• Vocabulary of Colour: Comprehending primary colours (magenta, cyan, yellow) and secondary colours (red, green, blue) is vital. Designers use terms like hue, saturation, and lightness to describe colours​​.
  • Colour Schemes: Various schemes include:
  • Monochrome: Cohesive, but can be monotonous.
  • Complementary: Contrasting colours from opposite sides of the wheel.
  • Analogous: Adjacent colours on the wheel for a unified feel.
  • Triadic: Three colours at equidistant points on the wheel.
  • Tetradic: Four colours equidistant on the wheel, forming a square or rectangle​​.
  • Colour Wheel: A tool to visualize relationships between colours. The basic wheel contains 12 standard colours used to create different schemes​​.
  • Emotion and Brand Identity: Colours evoke emotions and can be closely tied to a brand’s identity, like Coca-Cola red or Starbucks green​​.

For comprehensive insights into colour theory in design, refer to “Color theory for designers: a beginner’s guide” on Webflow Blog. This guide provides a detailed breakdown of colour theory fundamentals, essential for creating effective designs.

Exploring Advanced Color Theory: Dive Deeper with ‘Satori Graphics’ on YouTube

For those of you who are keen to delve deeper into color theory and its advanced applications in design, I highly recommend checking out “Satori Graphics” on YouTube. This channel, run by a talented British designer, specializes in graphic design topics, with a particular focus on logo design and brand identity.

The creator’s educational background from the City of Bath College and the University of Weston, coupled with his extensive experience as a professional designer, brings a unique depth to his content. His approach to design is not just about meeting client needs but also about exploring the artistic elements of design, as evident in his diverse portfolio that spans photography, logo, editorial design, and more.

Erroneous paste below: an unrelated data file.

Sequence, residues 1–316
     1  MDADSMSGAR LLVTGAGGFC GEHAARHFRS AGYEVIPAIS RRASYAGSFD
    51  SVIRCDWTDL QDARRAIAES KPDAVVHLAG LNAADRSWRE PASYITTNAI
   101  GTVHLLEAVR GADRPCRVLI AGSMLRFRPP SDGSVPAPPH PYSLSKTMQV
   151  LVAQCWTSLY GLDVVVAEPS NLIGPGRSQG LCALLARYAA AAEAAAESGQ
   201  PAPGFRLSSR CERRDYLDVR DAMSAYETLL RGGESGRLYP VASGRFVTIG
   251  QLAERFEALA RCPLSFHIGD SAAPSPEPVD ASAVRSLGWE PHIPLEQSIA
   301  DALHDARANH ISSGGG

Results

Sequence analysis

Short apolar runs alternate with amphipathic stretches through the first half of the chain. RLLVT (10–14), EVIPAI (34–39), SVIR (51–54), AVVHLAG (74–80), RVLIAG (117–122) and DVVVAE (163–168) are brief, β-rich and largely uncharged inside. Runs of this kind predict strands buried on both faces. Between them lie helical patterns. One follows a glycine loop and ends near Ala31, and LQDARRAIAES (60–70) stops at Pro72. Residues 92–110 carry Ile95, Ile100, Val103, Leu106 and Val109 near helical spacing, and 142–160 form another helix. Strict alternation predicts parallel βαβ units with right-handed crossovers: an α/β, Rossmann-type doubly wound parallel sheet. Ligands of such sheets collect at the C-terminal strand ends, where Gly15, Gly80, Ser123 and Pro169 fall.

A Great Explanation On Advanced Colour Theory from Satori Graphics

What sets “Satori Graphics” apart is the creator’s ability to articulate complex design concepts in a manner that is both engaging and easy to understand. His videos are a treasure trove of knowledge, especially for those interested in logo design. The channel is not just about learning design principles; it’s about being part of a growing community of design enthusiasts. With millions of views, the channel is fast becoming a go-to resource for both beginners and seasoned designers.

The video above, showcases his expertise and his ability to convey advanced concepts in an accessible way. It’s a fantastic resource to have in your bookmarks for continuous learning. And while you’re there, don’t forget to like his videos and subscribe to the channel to stay updated with his always on-trend videos and topics. His channel has been an invaluable resource to me, especially during my time learning about logo design.

Remember, exploring these resources is a step towards enriching your design knowledge and skills. Whether you’re a student, a professional, or just someone with a passion for design, “Satori Graphics” offers a wealth of information that can help you in your creative journey.


The colour wheel and colour relationships are more than just theory; they are practical tools that can be applied in various fields, from graphic design to interior decorating. By understanding and utilising these colour concepts, you can create more cohesive, dynamic, and effective designs.


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John Harkins

John Harkins

John is an experienced website designer and developer with a passion for creating visually stunning and functional websites using WordPress and Elementor. He also enjoys logo design, content creation, and software development. With an impressive portfolio, John can deliver high-quality work to clients from diverse industries.